Broken Lives

21 October 2010


My all time favorite television show is Route 66. Originally broadcast before I was born, I discovered Route 66 in the 1980s when it was played on the Nickelodeon network late night (as part of their “Nick at Night” line up). After having not seen the show for a couple of decades, its reappearance on DVD has made it possible for me to watch whenever I like.

When I have tried to describe the appeal that Route 66 has for me, I have sometimes said to others that I enjoy the fact that the show deals almost exclusively with broken, deeply flawed characters. Although the series was almost tragically hip for its time, a very dark vein runs through the hipness. The tragically hip today are ironic rather than dark, and irony runs to humorous superficiality; the darkness of early 1960s hip ran to greater depths, approximating actual tragedy rather than the pose of ironic tragedy.

Damaged, flawed, and broken characters are far more interesting than exemplars of Apollonian purity. We read Milton’s Paradise Lost, but who reads Milton’s Paradise Regained? And why do we read Paradise Lost? Could there be a more damaged, flawed, and broken spirit than Milton’s Satan? Similarly, Dante’s Inferno is much more widely read than the Purgatory or the Paradise. The Inferno is all about broken men and their broken lives.

In There Was a Broken Man I wrote, “Even the ruin of a man can write poetry — some of the most profoundly damaged spirits have given us the greatest literature.” Ruined men come in many forms. Some you would never know are ruined; others, you cannot but know that they have been ruined, for they wear their ruined condition like a badge, openly for the world to see.

I was thinking about this recently when I was watching the film The Reader. The DVD of the The Reader has several deleted and extended scenes that run to almost another hour’s worth of material. Whereas deleted and extended scenes can be a mere indulgence of the filmmaker, these scenes are well worth watching, and I would like to see an extended cut of the film that seamlessly included them. I think it would be better film, with more depth, with the additional material. The Hollywood approach to filmmaking has inculcated taut economy to the exclusion of more complex stories that take more time to tell. I welcome longer versions of films that allow more subtle elements of plot and characterization to be developed.

The male lead in the film, Michael Berg played by Ralph Fiennes, is superficially a very successful man, but he is also revealed as a deeply damaged and broken man. One could attribute his damaged state to his encounter with the female lead of the film, Hanna Schmitz played by Kate Winslet, or to the fact that he holds a secret that could have exculpated her, or one could attribute his condition to both. Success cannot necessarily salvage a life that is damaged at its center.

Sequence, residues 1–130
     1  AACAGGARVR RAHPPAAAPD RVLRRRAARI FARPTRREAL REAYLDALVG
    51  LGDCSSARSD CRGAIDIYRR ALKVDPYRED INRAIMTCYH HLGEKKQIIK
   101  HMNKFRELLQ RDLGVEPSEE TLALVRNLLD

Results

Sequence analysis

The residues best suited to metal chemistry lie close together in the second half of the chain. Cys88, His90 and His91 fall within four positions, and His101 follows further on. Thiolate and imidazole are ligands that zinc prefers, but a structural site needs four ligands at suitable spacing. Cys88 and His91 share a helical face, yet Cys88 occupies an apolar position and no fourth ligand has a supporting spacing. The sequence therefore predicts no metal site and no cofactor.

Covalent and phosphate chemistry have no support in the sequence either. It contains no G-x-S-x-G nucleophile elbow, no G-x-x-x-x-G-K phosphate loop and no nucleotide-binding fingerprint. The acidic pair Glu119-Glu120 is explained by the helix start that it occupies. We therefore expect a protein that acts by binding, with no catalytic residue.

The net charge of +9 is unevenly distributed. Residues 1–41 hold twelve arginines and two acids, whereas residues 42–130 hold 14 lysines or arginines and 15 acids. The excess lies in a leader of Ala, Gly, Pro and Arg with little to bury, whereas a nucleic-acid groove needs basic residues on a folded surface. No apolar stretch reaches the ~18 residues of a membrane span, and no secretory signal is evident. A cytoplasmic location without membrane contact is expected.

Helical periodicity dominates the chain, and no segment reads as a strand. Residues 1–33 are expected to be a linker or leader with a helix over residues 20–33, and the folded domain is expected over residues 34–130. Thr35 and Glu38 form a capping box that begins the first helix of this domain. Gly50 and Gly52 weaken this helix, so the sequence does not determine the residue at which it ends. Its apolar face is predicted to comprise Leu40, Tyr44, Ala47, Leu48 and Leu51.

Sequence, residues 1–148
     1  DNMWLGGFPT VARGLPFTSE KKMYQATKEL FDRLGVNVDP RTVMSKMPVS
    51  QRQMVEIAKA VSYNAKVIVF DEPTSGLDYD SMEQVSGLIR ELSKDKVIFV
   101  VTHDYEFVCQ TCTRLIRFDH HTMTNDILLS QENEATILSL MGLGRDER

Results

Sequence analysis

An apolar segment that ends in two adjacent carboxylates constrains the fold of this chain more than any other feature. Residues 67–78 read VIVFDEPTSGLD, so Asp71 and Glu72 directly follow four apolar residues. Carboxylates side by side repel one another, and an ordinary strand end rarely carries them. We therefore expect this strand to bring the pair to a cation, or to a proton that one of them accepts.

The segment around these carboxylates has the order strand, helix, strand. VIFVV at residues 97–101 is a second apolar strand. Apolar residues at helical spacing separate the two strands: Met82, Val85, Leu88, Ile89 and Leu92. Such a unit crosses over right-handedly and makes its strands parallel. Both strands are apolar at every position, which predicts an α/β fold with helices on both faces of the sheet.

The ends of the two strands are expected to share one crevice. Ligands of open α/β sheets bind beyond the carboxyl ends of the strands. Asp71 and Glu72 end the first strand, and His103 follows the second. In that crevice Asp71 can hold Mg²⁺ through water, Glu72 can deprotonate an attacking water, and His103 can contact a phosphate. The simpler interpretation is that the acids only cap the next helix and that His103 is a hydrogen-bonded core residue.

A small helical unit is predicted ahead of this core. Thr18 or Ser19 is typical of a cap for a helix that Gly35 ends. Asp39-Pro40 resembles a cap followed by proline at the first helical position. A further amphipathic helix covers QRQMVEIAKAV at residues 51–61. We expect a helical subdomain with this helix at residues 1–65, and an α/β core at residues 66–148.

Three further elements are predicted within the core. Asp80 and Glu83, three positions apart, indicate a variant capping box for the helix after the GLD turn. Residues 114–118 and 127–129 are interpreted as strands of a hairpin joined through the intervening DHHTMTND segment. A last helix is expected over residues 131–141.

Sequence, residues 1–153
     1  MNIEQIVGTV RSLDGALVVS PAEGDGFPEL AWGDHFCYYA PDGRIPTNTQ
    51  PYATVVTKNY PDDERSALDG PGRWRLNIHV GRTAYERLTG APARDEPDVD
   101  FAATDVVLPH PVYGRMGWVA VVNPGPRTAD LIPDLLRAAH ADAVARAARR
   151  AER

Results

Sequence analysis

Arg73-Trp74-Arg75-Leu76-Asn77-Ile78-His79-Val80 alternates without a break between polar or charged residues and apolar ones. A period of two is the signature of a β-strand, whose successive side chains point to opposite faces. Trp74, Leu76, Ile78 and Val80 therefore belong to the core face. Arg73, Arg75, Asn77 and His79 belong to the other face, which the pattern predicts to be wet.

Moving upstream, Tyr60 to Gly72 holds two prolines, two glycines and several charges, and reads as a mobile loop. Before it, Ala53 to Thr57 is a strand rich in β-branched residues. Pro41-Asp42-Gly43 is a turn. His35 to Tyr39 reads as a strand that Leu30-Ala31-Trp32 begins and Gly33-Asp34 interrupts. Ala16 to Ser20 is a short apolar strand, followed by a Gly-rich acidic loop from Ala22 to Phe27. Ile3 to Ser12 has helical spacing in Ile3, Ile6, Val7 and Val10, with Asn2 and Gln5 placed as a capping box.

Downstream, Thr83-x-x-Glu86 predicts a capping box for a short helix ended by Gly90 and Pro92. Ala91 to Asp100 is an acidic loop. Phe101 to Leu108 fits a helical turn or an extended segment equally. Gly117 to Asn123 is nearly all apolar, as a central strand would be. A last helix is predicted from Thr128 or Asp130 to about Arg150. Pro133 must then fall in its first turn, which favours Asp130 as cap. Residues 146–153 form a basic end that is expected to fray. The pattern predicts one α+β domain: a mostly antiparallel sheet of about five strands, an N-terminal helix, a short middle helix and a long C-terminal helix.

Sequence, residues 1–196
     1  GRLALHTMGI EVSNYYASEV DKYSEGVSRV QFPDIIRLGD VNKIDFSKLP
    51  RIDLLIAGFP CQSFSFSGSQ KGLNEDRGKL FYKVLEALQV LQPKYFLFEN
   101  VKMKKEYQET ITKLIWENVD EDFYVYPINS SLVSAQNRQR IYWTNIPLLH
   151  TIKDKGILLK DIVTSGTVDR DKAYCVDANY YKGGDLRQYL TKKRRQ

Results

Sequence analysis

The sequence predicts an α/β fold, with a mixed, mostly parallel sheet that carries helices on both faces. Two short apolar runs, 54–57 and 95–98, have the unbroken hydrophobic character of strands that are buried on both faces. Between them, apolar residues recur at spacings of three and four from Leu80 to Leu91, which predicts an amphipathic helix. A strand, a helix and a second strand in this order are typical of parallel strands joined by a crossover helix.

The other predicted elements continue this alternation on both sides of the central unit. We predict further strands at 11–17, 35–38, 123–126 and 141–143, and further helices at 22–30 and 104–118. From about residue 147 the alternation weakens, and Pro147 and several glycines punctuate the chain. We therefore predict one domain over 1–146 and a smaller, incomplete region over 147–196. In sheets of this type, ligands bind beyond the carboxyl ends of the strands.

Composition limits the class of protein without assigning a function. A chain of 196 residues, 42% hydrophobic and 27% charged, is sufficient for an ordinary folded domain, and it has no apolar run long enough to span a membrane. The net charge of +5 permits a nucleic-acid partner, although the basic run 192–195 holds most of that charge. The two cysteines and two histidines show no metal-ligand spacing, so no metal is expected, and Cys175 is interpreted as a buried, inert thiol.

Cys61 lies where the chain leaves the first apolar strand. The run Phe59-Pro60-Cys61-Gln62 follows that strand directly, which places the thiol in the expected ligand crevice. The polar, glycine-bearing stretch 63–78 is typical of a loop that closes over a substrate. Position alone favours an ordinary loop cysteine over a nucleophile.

Some broken men are focused inward, on themselves, and on their turbulent inner life. Such men, like the character of Michael Berg, may be successful, sophisticated, worldly men, men of substance and status, men of privilege and position, who are nevertheless hollowed out inside by some past trauma. But there are also broken men of a very different caliber, broken men who look broken, and whom the world considers broken, but men whose damaged spirit, precisely because it is manifest to the world at large, does not prevent them from living fully. Such men live as broken men in the world. Such spirits give us the greatest poetry and literature and art.

The significant difference here is not that between the broken and the whole, but between those spirits that turn inward upon their inner lives and those that project themselves outward into the world and onto the world, with their inner lives as the point of departure. As Charles Dickens put in the mouth of a ghost in A Christmas Carol:

“It is required of every man,” the Ghost returned, “that the spirit within him should walk abroad among his fellow-men, and travel far and wide; and if that spirit goes not forth in life, it is condemned to do so after death. It is doomed to wander through the world — oh, woe is me! — and witness what it cannot share, but might have shared on earth, and turned to happiness!”

The difference is that between the spirit as end-in-itself, as that to which one returns seeking rest and refuge, as the still point in the turning world, a place to retreat and a place to hide, and the spirit as means-to-an-end, as the point of departure from which we start, time and again, each time we are battered and beaten down by the world.

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